Superfund Research Program
Arsenic as an Endocrine Disrupter
Understanding the mechanistic basis for human health effects of heavy metals is critical for evaluating the impact of these exposures on the U.S. population, and is relevant to setting exposure standards. For example, is there a threshold dose, a linear dose-response or some other dose-response relationship for these endpoints? Do combinations of these metals have additive, synergistic, antagonistic, or entirely unpredictable biological effects? Can these effects be blocked with other agents?
The researchers are working at doses of these metals that are highly relevant to U.S. exposures. For example, the doses of arsenic being used fall roughly between the current arsenic drinking water standard of 50 ppm and the proposed new standard of 2 ppm. Thus, these mechanistic studies are relevant to understanding the overall human health impact of exposure to these metals and setting standards for exposure.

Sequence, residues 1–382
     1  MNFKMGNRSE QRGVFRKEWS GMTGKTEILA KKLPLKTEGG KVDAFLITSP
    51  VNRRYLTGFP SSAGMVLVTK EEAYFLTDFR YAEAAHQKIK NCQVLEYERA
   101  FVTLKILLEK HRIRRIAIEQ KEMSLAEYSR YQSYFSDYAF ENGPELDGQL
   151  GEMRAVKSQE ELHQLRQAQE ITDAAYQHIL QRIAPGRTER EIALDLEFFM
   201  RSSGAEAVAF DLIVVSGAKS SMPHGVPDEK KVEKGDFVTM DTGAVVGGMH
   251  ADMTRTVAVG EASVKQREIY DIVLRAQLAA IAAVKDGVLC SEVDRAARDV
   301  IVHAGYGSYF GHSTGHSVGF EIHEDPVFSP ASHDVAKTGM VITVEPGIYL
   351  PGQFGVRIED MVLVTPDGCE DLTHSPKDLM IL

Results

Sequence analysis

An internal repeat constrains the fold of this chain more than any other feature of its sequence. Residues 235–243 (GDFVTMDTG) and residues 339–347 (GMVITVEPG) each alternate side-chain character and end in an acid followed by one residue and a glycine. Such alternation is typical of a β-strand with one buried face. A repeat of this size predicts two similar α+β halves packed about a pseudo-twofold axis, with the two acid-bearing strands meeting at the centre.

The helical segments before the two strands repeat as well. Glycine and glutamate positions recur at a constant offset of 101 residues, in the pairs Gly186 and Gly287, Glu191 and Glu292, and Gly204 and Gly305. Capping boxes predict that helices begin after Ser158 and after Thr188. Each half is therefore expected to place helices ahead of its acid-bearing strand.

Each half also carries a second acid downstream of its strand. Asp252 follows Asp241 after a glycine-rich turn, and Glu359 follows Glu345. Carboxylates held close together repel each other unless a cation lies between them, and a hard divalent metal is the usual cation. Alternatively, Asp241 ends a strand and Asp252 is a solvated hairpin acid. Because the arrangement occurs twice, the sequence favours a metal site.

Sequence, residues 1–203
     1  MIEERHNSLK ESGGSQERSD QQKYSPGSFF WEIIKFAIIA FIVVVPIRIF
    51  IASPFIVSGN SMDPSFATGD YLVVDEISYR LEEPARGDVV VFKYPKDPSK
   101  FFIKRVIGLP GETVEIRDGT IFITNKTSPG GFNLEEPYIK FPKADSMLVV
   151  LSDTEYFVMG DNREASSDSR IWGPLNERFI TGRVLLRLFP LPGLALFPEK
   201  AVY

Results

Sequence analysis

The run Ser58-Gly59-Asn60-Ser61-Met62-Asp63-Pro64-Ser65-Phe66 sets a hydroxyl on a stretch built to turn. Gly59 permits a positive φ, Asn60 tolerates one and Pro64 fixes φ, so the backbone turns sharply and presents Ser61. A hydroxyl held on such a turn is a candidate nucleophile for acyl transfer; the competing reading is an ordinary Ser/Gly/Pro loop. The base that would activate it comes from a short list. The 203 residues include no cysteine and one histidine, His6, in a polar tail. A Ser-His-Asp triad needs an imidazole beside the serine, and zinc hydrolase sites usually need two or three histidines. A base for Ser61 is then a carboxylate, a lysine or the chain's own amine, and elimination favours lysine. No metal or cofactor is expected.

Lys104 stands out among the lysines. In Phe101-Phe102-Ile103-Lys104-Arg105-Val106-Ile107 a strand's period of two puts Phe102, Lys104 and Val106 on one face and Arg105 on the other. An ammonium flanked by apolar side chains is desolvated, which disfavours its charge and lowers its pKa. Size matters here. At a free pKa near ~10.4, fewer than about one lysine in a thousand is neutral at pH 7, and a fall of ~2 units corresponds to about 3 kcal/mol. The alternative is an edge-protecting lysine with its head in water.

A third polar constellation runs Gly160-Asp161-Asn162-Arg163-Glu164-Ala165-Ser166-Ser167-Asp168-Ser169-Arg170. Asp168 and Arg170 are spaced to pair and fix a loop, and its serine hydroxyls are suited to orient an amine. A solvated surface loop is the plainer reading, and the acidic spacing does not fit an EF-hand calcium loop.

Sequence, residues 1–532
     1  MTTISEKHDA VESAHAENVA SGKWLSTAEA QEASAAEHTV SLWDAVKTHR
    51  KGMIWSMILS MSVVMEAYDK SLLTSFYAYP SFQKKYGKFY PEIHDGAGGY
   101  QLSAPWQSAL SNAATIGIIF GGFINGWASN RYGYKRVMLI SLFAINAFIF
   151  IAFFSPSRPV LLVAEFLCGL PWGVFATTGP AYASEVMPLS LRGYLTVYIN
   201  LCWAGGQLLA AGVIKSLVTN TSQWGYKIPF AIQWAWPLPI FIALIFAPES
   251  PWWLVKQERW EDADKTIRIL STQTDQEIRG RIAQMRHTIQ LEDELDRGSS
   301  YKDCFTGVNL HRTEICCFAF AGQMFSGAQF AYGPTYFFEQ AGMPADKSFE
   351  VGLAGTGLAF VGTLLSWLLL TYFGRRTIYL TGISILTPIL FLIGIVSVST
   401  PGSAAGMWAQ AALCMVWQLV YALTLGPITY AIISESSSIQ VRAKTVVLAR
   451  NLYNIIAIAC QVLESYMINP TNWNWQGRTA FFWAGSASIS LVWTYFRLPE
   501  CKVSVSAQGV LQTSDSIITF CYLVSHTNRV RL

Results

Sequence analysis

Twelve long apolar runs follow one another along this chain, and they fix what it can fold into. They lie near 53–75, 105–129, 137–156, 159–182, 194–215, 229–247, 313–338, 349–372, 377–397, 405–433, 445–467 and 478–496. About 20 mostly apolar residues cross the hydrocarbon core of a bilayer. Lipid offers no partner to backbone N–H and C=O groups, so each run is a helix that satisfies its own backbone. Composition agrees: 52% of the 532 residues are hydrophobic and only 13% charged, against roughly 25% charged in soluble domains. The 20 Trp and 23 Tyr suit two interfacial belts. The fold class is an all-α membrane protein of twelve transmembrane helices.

This project's scientists have most recently shown that the heavy metals, chromium and arsenic, which are human carcinogens, each have significant, but different, effects on critical cellular targets which regulate gene expression. These effects are metal-, dose-, time- and tissue type-specific, and appear to involve direct effects on both the genes themselves and on the proteins which regulate their expression. In a model system, the scientists have narrowed down the apparent targets for these effects to several small regions within their promoter control region of the affected genes, and to a small number of critical protein factors which regulate their expression through these sites. Further studies will be aimed at understanding precisely how chromium and arsenic affect gene expression through these targets, and the relevance of these effects to the cancer process and possibly other disease processes. These pathways may contribute to the overall carcinogenic and other biological effects of these metals.